Even though in recent years the supply of domestic petroleum has increased, the volatile price of gasoline is out of our control and seems to climb every day. Right now gas prices are too high, especially for hard-working American families and small businesses; and it’s not getting better even as we drill for more domestic oil. Oil is a globally traded commodity and will be priced on the global market, forever. So even as petroleum supplies increases, the RFS is still a much needed policy to protect Americans from higher fuel costs. .
Every day in most parts of this country, Americans have no choice but to buy petroleum-based gasoline. But due in large part to the RFS, the situation has the possibility to get a lot better for all Americans. Currently, 10% of our fuel supply comes from ethanol, which saves consumers money at the pump. Right now, national gas prices are at $3.70 a gallon and rising. If we didn’t have the RFS and 10% of our fuel didn’t come from ethanol, a gallon of gas would instead hover around $4.00 a gallon. Also, because of increased ethanol production, many drivers in the Midwest are using blends of fuel like E30 – an American- ethanol blended fuel – for about $3.50 a gallon! That, combined with the increased deployment of flex fuel vehicles (FFVs), has provided some much-needed relief at the pump.
The goal of the RFS policy is unusually simple: to drastically decrease our dependence on an expensive fuel that is also an enormous greenhouse gas emitter. The RFS needs to continue so other cleaner, cheaper, and sustainable fuel sources gain market penetration. Cellulosic biofuels and other types of advanced biofuels are coming online across 20 states and have the potential to deliver steep cost reductions in the price of fueling up a vehicle. But as we all know, some of the incumbents of the transportation fuel sector are trying to stop this progress. The market has been dominated by petroleum for a century – making these incumbents ready to fight at all costs to block market penetration from competitors.
Efforts to besmirch and derail the growth of renewable fuels are at full throttle. Myth-based campaigns stating, “Ethanol damages cars and increases gas and food prices,“ abound on the airways. Unfortunately for the oil industry, the real facts show that most cars on the road – made in 2001 or after – can use E15 in their engines without sacrificing performance or risking engine damage. A majority of Americans also understand that gas prices are high and will remain high because of petroleum, not ethanol. In fact, recent polling shows that 73% of Americans support the RFS. So despite the ads claiming that ethanol is driving up gas prices and in turn food prices, Americans understand there is no correlation between increased food prices and increased ethanol production. Instead they see what numerous studies have shown, that there is a direct correlation between increasing gas prices and increasing prices for milk or bread at the grocery store.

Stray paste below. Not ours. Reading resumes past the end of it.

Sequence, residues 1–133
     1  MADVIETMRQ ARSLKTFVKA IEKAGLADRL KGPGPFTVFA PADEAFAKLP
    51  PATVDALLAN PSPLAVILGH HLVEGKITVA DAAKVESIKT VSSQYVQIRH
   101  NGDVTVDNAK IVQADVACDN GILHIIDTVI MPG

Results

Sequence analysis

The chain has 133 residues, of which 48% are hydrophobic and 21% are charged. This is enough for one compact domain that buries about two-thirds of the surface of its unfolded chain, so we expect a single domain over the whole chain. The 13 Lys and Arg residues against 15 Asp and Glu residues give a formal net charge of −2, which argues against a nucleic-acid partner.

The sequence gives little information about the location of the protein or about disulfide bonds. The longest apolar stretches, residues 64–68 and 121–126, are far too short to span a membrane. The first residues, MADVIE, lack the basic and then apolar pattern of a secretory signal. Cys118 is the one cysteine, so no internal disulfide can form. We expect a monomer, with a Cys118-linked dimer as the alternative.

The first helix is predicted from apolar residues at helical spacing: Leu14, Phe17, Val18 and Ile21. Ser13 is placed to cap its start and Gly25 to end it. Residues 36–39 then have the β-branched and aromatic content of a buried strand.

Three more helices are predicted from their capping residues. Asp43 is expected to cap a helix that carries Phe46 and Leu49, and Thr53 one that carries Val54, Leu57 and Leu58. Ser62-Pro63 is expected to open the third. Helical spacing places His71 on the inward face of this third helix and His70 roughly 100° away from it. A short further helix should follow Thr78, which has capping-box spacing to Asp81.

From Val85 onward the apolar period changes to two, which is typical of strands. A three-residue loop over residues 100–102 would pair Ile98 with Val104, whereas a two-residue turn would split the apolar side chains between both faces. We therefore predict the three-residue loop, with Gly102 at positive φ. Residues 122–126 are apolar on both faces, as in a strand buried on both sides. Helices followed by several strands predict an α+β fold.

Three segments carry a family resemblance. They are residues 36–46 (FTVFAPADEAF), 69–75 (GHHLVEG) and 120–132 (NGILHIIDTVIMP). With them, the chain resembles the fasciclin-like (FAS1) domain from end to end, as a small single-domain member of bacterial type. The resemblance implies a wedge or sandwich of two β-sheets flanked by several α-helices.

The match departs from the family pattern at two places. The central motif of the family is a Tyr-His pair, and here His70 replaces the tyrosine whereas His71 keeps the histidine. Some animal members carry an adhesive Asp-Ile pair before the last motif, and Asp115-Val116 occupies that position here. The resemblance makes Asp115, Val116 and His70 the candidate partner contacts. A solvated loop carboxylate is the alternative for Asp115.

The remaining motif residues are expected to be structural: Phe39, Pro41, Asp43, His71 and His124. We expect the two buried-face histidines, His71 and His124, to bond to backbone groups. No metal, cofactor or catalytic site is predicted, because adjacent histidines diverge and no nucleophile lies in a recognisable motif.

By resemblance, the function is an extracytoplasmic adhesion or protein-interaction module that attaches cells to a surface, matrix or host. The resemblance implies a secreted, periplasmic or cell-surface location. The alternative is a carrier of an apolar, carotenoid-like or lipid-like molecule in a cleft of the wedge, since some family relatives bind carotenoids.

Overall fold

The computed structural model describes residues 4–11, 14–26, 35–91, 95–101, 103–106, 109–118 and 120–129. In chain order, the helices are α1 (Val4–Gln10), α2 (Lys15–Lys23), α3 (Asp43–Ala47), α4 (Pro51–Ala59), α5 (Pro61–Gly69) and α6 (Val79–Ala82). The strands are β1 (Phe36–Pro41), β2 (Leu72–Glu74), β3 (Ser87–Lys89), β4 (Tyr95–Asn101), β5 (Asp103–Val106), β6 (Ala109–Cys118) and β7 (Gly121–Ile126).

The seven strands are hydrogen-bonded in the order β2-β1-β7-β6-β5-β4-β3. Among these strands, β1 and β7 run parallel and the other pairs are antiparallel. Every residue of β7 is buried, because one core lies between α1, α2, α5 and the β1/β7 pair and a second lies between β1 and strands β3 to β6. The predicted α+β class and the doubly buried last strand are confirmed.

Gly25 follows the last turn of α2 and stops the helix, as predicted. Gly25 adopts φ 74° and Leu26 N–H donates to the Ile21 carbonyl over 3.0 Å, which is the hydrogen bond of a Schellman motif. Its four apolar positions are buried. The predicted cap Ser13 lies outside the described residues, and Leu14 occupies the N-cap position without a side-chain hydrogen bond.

The RFS is achieving the primary goal it was enacted to achieve– reducing the need for petroleum by billions of gallons of per year while decreasing air pollution and greenhouse gas emissions by millions of metric tons. And as a result of the increased ethanol production triggered by the RFS, America is benefiting from tens of billions of dollars in economic development in our country’s heartland. The ethanol industry alone supports over 400,000 jobs nationwide and the number of jobs support by renewable fuels will double by 2022 if the RFS remains intact and cellulosic and advanced biofuels gain stronger market penetration.
Imagine if in twenty years our dependence on petroleum is cut in half and our use of domestic renewable fuels and other types of sustainable transportation fuels increases exponentially—what increased benefits Americans will reap! With the RFS in place, this type of future is realistic. Without it, we’ll be paying more every day at the pump for a lack of understanding of the RFS, a bi-partisan created, winning policy for American growth and security.
Todd Foley is the Vice President of Policy and Government Relations at the American Council On Renewable Energy (ACORE). This piece was originally published in The Hill’s CongressBlog.